The U.S. Blew a Chance to Tap Bin Laden's Cell Phone Before 9/11
Inter-agency squabbling doomed an Afghan wireless network intelligence project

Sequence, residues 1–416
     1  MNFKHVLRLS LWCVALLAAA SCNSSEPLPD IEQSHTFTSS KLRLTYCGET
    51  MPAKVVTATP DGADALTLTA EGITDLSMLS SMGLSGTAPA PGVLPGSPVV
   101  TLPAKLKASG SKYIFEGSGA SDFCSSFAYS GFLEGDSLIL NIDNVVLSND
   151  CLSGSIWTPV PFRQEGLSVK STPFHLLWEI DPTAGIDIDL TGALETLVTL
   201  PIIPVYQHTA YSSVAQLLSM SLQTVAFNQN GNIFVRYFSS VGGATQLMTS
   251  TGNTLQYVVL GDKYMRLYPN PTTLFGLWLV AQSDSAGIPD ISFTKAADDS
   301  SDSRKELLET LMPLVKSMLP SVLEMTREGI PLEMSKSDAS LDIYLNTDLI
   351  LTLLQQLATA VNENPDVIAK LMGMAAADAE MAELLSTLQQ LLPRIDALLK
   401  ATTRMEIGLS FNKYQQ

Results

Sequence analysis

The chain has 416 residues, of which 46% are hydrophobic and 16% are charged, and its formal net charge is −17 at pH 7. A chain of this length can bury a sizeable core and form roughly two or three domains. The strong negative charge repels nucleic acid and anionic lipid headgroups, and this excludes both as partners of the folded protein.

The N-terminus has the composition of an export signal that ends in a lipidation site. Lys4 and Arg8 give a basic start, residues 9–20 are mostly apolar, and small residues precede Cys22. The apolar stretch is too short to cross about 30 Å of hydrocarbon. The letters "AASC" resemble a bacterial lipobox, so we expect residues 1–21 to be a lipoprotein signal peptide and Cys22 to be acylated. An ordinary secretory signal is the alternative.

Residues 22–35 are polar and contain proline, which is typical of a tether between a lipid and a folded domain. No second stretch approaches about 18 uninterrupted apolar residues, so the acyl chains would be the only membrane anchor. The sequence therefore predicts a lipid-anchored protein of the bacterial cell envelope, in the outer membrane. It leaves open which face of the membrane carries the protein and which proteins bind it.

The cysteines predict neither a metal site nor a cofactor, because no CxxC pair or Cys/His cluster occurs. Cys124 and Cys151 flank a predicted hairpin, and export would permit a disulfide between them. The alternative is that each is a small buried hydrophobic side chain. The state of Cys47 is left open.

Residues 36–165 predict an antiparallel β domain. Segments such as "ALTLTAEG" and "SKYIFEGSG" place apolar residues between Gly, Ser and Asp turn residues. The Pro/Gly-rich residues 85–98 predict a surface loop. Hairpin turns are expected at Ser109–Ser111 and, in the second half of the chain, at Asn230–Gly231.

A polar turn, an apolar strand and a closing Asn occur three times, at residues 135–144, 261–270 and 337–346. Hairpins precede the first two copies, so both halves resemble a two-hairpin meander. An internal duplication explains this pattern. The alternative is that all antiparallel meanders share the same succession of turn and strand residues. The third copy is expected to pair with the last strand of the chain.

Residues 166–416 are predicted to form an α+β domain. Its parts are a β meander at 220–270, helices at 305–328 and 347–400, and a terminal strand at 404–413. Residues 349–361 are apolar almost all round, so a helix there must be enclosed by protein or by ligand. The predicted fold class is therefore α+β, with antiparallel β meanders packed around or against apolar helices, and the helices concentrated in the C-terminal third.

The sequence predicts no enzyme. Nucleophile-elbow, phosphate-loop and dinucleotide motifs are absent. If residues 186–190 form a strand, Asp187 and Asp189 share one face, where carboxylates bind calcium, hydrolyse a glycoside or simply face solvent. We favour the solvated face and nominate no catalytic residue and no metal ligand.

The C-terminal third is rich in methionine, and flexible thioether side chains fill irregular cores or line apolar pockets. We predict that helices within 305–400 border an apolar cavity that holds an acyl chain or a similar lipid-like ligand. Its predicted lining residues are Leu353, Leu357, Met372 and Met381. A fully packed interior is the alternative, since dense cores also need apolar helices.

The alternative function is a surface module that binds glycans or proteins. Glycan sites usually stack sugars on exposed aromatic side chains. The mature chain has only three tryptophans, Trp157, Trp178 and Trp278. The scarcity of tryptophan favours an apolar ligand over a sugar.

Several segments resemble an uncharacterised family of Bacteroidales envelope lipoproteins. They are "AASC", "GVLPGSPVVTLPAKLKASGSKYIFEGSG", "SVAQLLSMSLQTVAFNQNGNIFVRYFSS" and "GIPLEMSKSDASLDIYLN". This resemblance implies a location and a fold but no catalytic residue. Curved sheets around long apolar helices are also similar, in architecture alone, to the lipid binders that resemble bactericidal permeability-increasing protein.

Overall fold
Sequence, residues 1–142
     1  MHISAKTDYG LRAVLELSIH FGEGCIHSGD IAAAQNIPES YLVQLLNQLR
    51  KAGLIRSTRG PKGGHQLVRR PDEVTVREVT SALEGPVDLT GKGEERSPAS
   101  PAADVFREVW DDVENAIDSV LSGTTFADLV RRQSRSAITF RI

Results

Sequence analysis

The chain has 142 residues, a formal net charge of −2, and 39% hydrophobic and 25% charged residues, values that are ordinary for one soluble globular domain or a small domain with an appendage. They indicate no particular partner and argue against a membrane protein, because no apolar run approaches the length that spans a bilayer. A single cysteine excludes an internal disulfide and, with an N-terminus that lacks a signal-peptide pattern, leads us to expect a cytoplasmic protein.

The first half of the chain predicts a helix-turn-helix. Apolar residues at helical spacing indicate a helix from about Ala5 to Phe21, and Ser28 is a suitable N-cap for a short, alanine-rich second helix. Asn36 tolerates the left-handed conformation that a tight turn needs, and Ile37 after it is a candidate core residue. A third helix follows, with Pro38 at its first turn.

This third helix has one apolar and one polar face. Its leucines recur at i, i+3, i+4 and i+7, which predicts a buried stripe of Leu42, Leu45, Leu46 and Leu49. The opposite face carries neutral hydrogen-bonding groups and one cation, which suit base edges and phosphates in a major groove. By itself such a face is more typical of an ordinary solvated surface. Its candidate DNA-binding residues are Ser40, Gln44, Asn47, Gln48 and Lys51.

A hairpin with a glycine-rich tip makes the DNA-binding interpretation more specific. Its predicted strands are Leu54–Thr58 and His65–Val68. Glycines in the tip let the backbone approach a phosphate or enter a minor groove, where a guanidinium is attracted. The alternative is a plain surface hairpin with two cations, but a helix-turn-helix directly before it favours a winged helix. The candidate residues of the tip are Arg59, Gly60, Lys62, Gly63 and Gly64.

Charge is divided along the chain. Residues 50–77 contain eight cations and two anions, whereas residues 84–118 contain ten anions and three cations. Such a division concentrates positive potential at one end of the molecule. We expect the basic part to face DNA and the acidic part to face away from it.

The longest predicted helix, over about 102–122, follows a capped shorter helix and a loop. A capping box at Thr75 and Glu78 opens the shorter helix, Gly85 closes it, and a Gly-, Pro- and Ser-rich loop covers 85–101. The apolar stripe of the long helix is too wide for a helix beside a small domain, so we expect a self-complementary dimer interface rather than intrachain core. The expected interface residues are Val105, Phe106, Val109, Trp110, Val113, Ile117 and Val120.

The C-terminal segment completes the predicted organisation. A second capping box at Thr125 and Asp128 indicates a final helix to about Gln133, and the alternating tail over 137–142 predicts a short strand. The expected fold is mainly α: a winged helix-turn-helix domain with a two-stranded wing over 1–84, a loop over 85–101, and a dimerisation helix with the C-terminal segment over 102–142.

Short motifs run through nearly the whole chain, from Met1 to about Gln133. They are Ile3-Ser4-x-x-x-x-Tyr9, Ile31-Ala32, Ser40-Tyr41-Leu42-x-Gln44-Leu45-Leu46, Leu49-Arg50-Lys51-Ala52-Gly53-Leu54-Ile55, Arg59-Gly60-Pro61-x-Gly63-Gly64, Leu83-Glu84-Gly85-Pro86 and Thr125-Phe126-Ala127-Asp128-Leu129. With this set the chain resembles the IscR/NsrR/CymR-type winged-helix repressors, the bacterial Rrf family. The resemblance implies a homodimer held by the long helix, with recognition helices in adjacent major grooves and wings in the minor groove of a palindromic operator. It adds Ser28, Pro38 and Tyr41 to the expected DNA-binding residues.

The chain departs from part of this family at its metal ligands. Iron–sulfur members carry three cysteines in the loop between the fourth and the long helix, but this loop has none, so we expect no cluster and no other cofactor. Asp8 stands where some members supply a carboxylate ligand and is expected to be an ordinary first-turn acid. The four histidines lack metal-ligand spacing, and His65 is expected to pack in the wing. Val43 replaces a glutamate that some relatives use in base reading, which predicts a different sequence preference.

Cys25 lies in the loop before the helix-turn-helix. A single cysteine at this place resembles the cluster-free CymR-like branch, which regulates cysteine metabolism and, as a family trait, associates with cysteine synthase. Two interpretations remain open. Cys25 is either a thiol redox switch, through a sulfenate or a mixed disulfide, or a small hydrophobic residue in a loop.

Here's a missed opportunity. In 1999, the U.S. was months away from completing a cell phone network in Afghanistan that would've granted wide access to al-Qaeda and Taliban phone calls prior to 9/11. Unfortunately, inter-agency bickering between the FBI, NSA and CIA over who would control it scuttled the project, a former NSA official tells Vanity Fair's David Rose. “Had this network been built with the technology that existed in 2000, it would have been a priceless intelligence asset," the official said. “Why didn’t we put it in? Because we couldn’t fucking agree,” adds a CIA official. The opportunity dates back to 1999 when the Taliban gave license to Afghan Wireless Communications, an American company, to build a wireless and Internet network that would've been controlled by the U.S. The piece features a number of interviews with frustrated national security officials about how close they came to uncovering the necessary intel to foil the 9/11 hijacking plot. The full story is in Vanity Fair's September issue which is now on sale. For the full preview, click here.